12 November 2009
South African President Jacob Zuma was named Best African President at the 2009 Africa Consciousness Media Leadership Awards, which honour those who have contributed to the liberation and development of the continent.
Speaking at the awards ceremony in Johannesburg on Tuesday, Zuma urged African leaders to keep the promises they had made to their people.
“We have pledged to our people that we will strive for the eradication of poverty, disease and conflict. We have pledged to promote trade, investment, economic growth, skills development and stability on the continent.”
Zuma called on African leaders to use partnership agreements as instruments to advance the cause of the continent.
He was referring to pacts such as African Peer Review Mechanism, established to promote good governance in Africa, and the New Partnership for Africa’s Development (Nepad), which aims to foster economic integration and development.
“If we deviate or if we falter, we expect all of you – ordinary citizens, civil society, academics and the media – to sound the warning bells,” Zuma said. “Good leaders heed these warnings and respond constructively. They do not consider themselves to be above their people.”
Zuma was not the only South African recipient of an award. The late Afro-pop legend Miriam Makeba was given the Great Daughter of Africa award for using music to address the challenges faced by Africans during the colonial era.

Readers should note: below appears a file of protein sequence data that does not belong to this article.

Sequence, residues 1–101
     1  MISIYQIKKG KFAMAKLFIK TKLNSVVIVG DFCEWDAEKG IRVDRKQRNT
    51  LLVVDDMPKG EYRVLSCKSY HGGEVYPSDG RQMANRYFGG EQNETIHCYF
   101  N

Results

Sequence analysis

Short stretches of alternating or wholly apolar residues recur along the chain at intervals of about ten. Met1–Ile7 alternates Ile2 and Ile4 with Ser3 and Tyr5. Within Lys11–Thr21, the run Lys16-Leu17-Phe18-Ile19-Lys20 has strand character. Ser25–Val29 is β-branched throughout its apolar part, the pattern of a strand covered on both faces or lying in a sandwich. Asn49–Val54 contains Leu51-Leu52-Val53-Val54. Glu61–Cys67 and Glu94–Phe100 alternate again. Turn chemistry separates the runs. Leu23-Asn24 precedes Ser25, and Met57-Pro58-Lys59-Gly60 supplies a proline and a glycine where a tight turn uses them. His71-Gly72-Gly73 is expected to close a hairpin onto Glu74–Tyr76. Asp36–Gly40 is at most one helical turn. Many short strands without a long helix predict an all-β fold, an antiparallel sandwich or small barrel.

The Pata-Pata songbird, who was exiled for years after she was banned by the apartheid government, travelled the world not only performing her songs but also sending the message to the world about Africans’ challenges.
The late First Lady of Nigeria, Stella Obasanjo, was named Best African First Lady of the Year.
Zuma said the awards served as a reminder that nothing could be achieved without the confidence, trust and support of fellow Africans.
Leadership ‘about service and sacrifice’
“A true leader is guided by the needs and the collective wisdom of his or her people. These awards should therefore not be about status or prestige. They should be about service and sacrifice. Let us work together to ensure that they achieve these goals.”
African statesman and former Zambian president Kenneth Kaunda also attended Tuesday’s event. He wished South Africa all the best in hosting a successful footall World Cup in 2010.
He said it was Africa’s turn to show the world what she was capable of, adding that he was confident that the tournament would be a turning point for Africa’s economic and tourism development.
Kaunda urged African leaders to emulate the likes of Nelson Mandela, Jomo Kanyata, Oliver Tambo and Kwame Nkrumah, who fought tirelessly for the liberation and development of the continent.